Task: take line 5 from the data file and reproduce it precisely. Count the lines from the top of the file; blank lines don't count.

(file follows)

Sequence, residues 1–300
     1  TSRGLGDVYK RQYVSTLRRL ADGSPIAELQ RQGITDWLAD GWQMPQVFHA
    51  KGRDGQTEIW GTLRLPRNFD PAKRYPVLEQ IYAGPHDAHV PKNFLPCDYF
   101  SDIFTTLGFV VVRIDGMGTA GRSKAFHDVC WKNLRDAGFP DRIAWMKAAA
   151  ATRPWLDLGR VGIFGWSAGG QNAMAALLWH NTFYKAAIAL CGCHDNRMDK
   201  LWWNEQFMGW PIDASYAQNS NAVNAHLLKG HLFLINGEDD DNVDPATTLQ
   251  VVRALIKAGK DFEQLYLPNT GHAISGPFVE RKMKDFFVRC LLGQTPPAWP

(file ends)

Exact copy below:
   151  ATRPWLDLGR VGIFGWSAGG QNAMAALLWH NTFYKAAIAL CGCHDNRMDK